I was surprised when you mentioned that your mother was 74--you had been describing things as if she had died young. Her lifespan is longer than most in human history and the world today; she was generously gifted with long life. Why is that not an occasion for gratitude and praise?

When my mother died, she was 62 and I was 26; she died of metastasized breast cancer, after long pain and suffering, and her death was a month after I had surgery for melanoma, caught right before it reached my bloodstream. Because of her long crucifixion, I was nonchalant about my own cancer. Then a year later, the doc said that the shadow on my lung had grown and I might have metastasis, and I had to wait weeks for a CAT scan to figure it out.

So, great lesson here: don't ponder your mother's death--ponder your own. Especially if motivated by cause--the real mortal threat.

Seeing my mother's dead body made me believe in my bones what I had recited for years--we believe in the resurrection of the body and the life of the world to come. We will be resurrected in our bodies, and glorified, and made more perfect than the best versions of ourselves in this lifetime.

I've had thyroid cancer since--imagine that, two cancers, and no genetic marker for it! Seems odd. I'm still dealing with a cell count. It's not fatal either, but I may be living with a cell count for the rest of my life and hoping it never sets up camp anywhere.

Handel Messiah is a great prayer for me; I grew up on it, and it planted the words in my mind and heart for when I needed it.

[Baritone solo:] Behold, I tell you a mystery: we shall all be changed in a moment, in the twinkling of an eye, at the last trumpet! The trumpet shall sound and the dead shall be raised incorruptible.

[Soprano aria, popular at funerals]: I know that my Redeemer liveth and that he stall stand at the latter day upon the earth; and though worms destroy this body, yet in my flesh shall I see God. For now is Christ risen from the dead, the first-fruits of them that sleep.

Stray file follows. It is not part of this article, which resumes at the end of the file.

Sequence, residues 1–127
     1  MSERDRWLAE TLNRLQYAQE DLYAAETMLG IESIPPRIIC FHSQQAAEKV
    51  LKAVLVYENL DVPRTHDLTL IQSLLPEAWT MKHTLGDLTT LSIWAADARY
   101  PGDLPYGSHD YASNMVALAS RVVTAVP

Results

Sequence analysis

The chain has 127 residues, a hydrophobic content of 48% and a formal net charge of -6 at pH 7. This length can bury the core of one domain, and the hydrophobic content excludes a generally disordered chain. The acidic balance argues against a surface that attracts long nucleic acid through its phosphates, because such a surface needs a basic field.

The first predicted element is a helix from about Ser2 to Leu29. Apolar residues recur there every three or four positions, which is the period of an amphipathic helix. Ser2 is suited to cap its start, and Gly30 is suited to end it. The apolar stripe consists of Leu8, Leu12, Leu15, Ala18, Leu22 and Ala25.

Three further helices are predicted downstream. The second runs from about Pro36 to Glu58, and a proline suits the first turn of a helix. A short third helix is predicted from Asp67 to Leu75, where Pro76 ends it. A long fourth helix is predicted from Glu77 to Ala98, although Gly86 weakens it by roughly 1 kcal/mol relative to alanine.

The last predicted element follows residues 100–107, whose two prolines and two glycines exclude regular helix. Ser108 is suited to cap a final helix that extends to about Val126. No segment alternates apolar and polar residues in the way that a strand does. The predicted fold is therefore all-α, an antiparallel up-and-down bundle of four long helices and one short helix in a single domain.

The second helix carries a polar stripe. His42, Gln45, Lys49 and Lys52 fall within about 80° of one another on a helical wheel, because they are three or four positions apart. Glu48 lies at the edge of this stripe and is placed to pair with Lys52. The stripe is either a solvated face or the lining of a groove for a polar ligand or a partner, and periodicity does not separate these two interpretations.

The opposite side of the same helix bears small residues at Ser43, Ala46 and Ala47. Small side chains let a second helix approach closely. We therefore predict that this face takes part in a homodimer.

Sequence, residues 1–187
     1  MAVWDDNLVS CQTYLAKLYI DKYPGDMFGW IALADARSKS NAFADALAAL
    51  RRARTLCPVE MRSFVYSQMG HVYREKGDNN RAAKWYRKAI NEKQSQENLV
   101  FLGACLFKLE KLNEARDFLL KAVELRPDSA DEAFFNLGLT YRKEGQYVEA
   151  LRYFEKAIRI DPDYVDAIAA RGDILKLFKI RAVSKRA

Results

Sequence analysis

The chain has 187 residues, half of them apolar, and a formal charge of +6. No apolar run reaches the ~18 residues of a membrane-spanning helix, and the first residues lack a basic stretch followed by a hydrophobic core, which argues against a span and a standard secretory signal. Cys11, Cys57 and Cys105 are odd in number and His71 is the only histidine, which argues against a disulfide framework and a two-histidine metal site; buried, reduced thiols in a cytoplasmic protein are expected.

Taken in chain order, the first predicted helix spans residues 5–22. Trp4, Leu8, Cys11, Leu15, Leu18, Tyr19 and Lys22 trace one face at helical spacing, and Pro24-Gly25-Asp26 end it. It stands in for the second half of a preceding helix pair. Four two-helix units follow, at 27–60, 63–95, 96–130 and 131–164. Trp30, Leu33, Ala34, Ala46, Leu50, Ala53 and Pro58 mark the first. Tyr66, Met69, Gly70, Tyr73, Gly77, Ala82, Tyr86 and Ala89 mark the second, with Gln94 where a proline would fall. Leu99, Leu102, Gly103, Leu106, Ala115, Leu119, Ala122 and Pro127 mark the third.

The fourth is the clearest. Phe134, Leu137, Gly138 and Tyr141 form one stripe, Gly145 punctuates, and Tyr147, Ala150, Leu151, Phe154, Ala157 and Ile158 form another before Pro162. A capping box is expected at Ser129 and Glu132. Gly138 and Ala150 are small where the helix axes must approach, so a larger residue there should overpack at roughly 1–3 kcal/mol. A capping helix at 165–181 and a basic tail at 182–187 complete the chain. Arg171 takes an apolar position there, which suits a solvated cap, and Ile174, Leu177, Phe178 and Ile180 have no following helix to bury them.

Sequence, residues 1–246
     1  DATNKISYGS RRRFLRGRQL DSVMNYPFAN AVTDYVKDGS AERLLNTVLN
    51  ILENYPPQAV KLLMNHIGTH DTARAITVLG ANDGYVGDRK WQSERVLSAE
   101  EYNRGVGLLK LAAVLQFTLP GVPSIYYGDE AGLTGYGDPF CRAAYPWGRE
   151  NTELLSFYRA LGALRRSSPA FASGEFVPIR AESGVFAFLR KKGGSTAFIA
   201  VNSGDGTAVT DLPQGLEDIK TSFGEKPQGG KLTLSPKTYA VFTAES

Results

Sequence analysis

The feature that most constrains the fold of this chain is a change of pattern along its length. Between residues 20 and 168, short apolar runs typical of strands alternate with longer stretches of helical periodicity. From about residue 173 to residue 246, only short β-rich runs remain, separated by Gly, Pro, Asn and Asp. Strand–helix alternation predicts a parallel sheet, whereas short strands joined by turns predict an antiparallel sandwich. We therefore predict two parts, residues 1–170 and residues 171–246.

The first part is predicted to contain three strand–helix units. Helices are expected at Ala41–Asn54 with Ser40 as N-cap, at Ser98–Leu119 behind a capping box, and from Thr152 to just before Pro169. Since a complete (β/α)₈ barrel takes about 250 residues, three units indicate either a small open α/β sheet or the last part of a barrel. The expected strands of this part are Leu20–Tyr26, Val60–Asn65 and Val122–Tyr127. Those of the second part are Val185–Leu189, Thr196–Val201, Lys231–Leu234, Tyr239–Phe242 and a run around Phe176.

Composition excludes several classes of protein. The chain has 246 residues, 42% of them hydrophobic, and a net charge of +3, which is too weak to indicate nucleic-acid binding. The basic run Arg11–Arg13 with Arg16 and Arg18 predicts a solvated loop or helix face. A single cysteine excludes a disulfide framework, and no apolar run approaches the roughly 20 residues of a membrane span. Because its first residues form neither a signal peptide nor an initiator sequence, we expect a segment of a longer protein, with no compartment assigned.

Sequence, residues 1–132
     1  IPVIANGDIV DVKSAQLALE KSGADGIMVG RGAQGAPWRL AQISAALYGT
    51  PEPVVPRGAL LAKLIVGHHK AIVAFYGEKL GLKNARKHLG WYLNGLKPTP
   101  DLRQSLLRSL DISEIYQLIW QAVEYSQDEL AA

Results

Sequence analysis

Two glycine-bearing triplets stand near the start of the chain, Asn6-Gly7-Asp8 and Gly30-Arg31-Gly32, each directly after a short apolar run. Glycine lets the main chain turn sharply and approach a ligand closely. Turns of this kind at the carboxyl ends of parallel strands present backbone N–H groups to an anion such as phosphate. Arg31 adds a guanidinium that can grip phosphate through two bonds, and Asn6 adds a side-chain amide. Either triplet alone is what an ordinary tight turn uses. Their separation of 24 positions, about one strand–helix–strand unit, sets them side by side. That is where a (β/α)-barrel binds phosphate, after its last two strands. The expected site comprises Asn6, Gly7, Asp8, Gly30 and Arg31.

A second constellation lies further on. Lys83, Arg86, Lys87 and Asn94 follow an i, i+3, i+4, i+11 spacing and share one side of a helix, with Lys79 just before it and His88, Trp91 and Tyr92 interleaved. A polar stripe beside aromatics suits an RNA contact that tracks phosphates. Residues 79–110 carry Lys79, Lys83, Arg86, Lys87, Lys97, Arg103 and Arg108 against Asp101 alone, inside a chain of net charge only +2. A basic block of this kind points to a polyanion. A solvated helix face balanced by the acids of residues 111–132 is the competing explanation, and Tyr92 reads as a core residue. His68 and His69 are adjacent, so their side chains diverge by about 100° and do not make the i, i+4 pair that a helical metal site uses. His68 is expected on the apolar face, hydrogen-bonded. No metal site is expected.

My faith is as fragile as a soap bubble; I love it, then I think I must be crazy and can't stand it. Hot or cold. I'm not good at lukewarm either. So I get your doubts.

At this point, with my crazy grim reaper biology, the choice for faith or despair really means I'm just wormfood or go ahead, cancer, kill me if you must, but you won't win in the end.

O Death, where is thy victory?
O grave, where is they sting?

He led captivity captive. Our only cause for hope is that he rose and ascended...and sent the Holy Spirit so that we can comprehend and love these mysteries.

Re: lovable atheists--of course you love your father. What atheists do you love that intensely that you're not related to?
Posted by: kentuckyliz
June 13, 2007 12:18 PM EDT
My mother died almost exactly 2 years ago and I still literally pine for her (even though I'm 46 and have a wonderful family of my own)! I just can't believe that her voice is no longer here in this world and I'll never hear it again. Her 10 months of pain, depression, and intense feelings of despair and abandonment were heartbreaking to watch. She even went through a period where she did not want to close her eyes because she saw demons and dismembered babies! At the end though, she had found her peace and faith again and looked like she would be around for another 20 years (she was 80). Only in retrospect do I clearly see God's hand in her final year. She was tried like gold in fire. She endured her own passion and crucifixion and in the end was submissive to God's will. If I had any doubts about God's existence and mercy before watching my mother die...I have NONE now! My mom's countless rosaries undoubtedly kept me close to God and now I can only repay her by taking up my daily rosary in her place! Peace be with you! Posted by: rpkammerer
July 05, 2007 04:21 PM EDT
We are like Abraham, on a pilgrimage of faith, facing the huge risks of the Christian, moving from one piece of Holy Ground to another, seeking God - ‘You would not seek me if you had not already found me.' The apostasy is to stop seeking. Posted by: SoSideCubsFan
January 15, 2010 10:26 AM EST